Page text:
Classical Arabic: stick

Ali Smith

Senior Member
Urdu - Pakistan

What are the classical Arabic words for 'stick' (French: bâton; German: Stab)? I can think of two: عَصا and مِنْسَأَة. Is there a difference between them or do they mean exactly the same thing?

فَلَمَّا قَضَيْنَا عَلَيْهِ الْمَوْتَ مَا دَلَّهُمْ عَلَىٰ مَوْتِهِ إِلَّا دَابَّةُ الْأَرْضِ تَأْكُلُ مِنسَأَتَهُ ۖ فَلَمَّا خَرَّ تَبَيَّنَتِ الْجِنُّ أَن لَّوْ كَانُوا يَعْلَمُونَ الْغَيْبَ مَا لَبِثُوا فِي الْعَذَابِ الْمُهِينِ (سبأ:14)

وَإِذِ اسْتَسْقَىٰ مُوسَىٰ لِقَوْمِهِ فَقُلْنَا اضْرِب بِّعَصَاكَ الْحَجَرَ ۖ فَانفَجَرَتْ مِنْهُ اثْنَتَا عَشْرَةَ عَيْنًا ۖ قَدْ عَلِمَ كُلُّ أُنَاسٍ مَّشْرَبَهُمْ ۖ كُلُوا وَاشْرَبُوا مِن رِّزْقِ اللَّهِ وَلَا تَعْثَوْا فِي الْأَرْضِ مُفْسِدِينَ (البقرة:60)

شكرا جزيلا
  • You read the following in Lane's Lexicon:
    "مِنْسَأَةٌ (S, K) and ↓ مَنْسَأَةٌ, (K,) and also without ء, (S, K,) A staff, or stick: so called because a beast is urged or driven with it: (K:) a pastor's great staff. (TA.) For مِنْسَأَتَهُ, in the Kur, xxxiv. 13, some read مِنْ سَأَتِهِ; i. e. “ from, or of, the end of his staff; ” سأَة originally signifying the “ bent part at each end of a bow; ” (Fr, TA, &c.;) and being here used tropically. (TA.) This reading is disapproved by the author of the K. but is supported by good authorities. (TA.)"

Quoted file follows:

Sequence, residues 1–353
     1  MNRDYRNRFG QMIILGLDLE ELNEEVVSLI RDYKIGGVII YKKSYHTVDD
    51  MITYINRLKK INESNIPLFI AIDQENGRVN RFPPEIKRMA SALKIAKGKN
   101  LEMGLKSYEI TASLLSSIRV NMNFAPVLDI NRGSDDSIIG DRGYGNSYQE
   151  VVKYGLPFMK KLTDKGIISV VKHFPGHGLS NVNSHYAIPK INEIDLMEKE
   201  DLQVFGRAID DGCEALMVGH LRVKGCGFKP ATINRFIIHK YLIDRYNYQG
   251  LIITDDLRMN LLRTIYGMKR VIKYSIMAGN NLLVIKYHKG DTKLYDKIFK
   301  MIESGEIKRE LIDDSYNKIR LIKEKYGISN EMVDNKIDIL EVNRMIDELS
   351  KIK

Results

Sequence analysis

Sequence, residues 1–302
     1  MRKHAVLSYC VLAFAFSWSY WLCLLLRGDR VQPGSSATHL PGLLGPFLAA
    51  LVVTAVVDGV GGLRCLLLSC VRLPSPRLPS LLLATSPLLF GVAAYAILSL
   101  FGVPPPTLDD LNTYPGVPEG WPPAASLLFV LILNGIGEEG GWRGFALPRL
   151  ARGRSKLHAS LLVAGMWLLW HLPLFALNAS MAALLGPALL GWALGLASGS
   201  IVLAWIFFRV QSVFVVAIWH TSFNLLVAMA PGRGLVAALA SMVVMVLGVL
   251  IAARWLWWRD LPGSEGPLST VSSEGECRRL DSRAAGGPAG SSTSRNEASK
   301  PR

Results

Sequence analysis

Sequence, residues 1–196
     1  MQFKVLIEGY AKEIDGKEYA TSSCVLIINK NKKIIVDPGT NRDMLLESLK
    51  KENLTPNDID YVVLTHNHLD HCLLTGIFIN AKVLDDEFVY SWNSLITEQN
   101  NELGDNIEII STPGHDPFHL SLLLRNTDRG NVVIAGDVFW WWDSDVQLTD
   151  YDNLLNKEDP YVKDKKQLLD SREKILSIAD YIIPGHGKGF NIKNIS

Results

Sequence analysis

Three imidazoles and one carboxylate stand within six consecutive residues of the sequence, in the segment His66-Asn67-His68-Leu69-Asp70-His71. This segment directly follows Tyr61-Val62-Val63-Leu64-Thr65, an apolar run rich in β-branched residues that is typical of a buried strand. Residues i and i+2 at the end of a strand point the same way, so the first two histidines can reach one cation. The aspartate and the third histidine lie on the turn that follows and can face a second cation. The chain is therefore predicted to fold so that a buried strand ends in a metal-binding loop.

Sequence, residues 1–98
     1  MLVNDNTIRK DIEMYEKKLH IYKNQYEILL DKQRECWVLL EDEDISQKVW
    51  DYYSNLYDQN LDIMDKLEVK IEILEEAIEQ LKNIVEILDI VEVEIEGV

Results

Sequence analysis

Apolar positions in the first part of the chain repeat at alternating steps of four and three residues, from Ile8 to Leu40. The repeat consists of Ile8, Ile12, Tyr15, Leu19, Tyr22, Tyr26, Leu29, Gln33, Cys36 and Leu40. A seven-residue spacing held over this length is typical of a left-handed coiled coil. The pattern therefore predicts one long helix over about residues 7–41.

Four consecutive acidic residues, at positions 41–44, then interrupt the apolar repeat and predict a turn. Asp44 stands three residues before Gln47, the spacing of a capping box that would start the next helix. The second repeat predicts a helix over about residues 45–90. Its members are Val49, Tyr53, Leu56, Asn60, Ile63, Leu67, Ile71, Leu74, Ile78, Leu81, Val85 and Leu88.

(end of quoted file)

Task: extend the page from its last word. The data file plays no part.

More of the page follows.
A simple stick is عود, قضيب or خَشَبَة.
    عصا is (still a stick) equivalent to a cane and so is عُكَّازة and مِخْصَرة, there is also هرواة which is a club.
    A simple stick is عود, قضيب or خَشَبَة.
    I’m not sure about قضيب and خشبة. The question is about Classical Arabic and my understanding is that قضيب referred specifically to a branch that has been broken off, it would obviously eventually become a stick but I wouldn’t call that a “simple stick” as it has an additional layer to the meaning. I would say that قضيب is a twig.

    As for خشبة, that means a piece of wood, it could be a stick but it could also be a plank or a splinter. Again, not so simple.